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Corporal Edward Theodore Parker best known as Teddy Parker was a close friend and brother in arms of Booth's who served with him in the army. He was shot down and instantly killed at Booth's side during a snipe at the age of 20 and became the namesake of Booth's son, Parker.


He appears to Booth when the Gravedigger kidnapped him from his apartment and trapped him out at sea in the holding cell of a ship rigged to blow. Booth initially assumes that he is a hallucination caused by his having been drugged. Teddy acts as something of a spiritual guide as Booth fights his way to the ship's surface and it appears is able to physically assist him as he is seen performing tasks such as handing him objects. When Booth unconsciously grabs Teddy's uniform collar to hurry him along at one point and realizes the contact, he then decides that Teddy is a ghost.

Booth blames himself for Teddy's death saying, "You were so young," and believes Teddy should never have been on that mission because he'd been inadequately skilled. Teddy tells him that it literally wasn't his fault as he'd disobeyed direct orders. Booth had commanded him to get down twice but Teddy ignored in his anxiousness to get a shot off at the target. With this resolution, Booth confronts Teddy's high school sweetheart, Claire, for the first time at his grave on the anniversary of his death to honor Teddy's request for him to relay that he loved her.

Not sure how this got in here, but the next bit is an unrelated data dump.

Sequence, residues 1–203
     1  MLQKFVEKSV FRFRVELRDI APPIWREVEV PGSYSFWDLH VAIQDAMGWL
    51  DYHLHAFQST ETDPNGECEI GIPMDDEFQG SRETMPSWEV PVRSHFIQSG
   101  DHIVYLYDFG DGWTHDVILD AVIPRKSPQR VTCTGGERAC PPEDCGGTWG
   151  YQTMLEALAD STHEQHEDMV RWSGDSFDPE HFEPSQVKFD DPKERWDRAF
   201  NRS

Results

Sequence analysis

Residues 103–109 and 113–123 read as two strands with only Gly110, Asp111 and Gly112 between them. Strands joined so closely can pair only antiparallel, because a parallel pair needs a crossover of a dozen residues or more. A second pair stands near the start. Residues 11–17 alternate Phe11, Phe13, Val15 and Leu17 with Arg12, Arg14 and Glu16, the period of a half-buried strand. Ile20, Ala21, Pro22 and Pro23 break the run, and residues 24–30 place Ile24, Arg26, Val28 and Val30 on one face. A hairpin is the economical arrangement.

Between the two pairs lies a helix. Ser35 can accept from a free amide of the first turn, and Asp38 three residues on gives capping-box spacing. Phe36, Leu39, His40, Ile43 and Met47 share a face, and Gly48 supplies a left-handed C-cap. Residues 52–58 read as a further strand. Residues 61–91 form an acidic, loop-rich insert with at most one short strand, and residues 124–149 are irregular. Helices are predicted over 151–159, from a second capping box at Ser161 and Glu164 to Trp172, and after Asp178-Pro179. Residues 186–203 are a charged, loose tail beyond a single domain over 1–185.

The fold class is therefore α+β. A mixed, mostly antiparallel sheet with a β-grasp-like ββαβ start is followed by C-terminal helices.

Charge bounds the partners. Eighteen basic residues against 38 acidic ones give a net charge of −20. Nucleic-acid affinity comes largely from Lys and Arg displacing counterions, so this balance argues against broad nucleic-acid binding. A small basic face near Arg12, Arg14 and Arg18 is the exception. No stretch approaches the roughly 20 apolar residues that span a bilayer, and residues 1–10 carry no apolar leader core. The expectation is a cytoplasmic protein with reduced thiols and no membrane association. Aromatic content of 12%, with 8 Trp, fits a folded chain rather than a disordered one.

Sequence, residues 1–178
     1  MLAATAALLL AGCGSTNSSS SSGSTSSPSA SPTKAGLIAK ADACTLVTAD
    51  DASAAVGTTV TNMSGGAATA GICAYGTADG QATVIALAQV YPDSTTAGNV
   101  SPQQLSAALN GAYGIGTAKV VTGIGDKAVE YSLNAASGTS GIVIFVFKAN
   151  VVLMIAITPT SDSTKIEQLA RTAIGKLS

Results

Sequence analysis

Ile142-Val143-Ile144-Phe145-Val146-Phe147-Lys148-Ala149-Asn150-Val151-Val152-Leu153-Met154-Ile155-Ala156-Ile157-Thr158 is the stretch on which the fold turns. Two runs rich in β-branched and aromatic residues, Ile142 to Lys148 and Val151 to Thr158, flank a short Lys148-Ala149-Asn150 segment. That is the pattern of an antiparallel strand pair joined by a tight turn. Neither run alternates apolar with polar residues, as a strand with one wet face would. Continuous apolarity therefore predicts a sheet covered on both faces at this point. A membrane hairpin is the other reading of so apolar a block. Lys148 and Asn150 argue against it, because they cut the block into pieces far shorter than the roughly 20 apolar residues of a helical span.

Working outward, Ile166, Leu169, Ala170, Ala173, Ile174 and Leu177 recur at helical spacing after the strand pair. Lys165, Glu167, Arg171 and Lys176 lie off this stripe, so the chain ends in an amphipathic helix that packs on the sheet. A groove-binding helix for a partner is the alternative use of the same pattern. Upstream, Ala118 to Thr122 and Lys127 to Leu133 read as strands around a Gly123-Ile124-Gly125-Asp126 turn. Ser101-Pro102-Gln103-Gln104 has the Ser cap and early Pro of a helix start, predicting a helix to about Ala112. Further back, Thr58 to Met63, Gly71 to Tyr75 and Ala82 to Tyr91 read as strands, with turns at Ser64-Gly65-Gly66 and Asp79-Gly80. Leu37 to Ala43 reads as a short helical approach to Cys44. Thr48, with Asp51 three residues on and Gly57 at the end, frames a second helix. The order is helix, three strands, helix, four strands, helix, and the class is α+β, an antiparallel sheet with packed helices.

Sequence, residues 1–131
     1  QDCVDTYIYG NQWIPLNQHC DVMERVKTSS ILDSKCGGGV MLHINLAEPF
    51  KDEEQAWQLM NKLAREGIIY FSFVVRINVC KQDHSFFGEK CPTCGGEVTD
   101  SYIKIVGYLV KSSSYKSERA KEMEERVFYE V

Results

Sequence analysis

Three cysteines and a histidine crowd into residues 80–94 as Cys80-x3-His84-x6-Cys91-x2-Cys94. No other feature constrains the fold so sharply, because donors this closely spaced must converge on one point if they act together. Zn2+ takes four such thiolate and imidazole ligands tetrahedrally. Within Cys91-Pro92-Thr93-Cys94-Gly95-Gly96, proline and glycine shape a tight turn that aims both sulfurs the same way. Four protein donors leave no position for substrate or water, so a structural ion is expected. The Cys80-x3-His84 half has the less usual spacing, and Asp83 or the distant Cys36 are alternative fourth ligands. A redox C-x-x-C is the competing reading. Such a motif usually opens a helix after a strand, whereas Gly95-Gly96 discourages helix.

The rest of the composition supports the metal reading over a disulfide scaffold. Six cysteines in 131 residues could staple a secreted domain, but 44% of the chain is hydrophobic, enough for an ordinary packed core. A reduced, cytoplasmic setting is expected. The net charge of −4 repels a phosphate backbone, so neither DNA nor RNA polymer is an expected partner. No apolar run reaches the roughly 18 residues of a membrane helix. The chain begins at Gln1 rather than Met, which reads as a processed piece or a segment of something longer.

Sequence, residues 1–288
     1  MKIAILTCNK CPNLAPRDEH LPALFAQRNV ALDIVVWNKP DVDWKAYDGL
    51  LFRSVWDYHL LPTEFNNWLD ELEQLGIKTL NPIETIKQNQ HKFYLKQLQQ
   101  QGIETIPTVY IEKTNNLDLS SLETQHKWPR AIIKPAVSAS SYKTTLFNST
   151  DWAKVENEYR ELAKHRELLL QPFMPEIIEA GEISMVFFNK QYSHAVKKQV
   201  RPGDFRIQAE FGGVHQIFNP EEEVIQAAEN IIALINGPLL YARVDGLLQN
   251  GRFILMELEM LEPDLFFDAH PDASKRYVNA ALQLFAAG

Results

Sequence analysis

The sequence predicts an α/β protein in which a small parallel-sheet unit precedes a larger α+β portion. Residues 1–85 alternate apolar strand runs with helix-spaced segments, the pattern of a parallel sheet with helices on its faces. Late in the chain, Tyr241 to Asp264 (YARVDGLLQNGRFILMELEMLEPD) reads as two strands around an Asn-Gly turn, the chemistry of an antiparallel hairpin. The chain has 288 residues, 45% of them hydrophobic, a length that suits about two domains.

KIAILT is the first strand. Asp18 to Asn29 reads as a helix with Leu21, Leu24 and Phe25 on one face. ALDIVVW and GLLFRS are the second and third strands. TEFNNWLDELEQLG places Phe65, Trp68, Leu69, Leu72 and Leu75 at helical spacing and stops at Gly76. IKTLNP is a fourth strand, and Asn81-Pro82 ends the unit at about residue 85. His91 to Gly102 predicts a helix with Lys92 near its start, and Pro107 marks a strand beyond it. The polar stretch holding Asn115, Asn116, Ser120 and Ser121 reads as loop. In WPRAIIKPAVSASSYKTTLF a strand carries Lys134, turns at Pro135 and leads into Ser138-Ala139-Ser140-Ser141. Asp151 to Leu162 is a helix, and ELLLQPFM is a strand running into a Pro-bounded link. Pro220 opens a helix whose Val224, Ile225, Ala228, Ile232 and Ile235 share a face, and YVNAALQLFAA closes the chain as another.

Teddy, for a moment, seems to appear to and have a brief exchange with Brennan as well though his identity is unbeknownst to her (it could also be argumented by this that by the simple knowledge of Teddy's existence, that person can see him) and his interactions with the ship, most notably the setting off of the C4 blast that got Booth through the exit were apparent and alluded to her and others that Booth's escape had to have been orchestrated by two people, strongly suggesting that Teddy was, in fact, an actual ghost, not a hallucination.

When Booth is later revealed to have a brain tumor ('The Critic in the Cabernet'), it's left up for debate. A popular counter argument is that Brennan's encounter was seen from Booth's perspective and Booth had projected Teddy onto a random soldier. However, Brennan never knew what Teddy looked like, making this counter argument questionable.



  • Booth keeps a photo of himself and Teddy in a photo album ('The Beginning in the End'), where he also keeps more photos with fellow soldiers from his time in the army.
Photo of Booth and Teddy

Photo of Booth and Teddy (from back when Booth was in the army) in a photo album (05x22 or 'The Beginning in the End')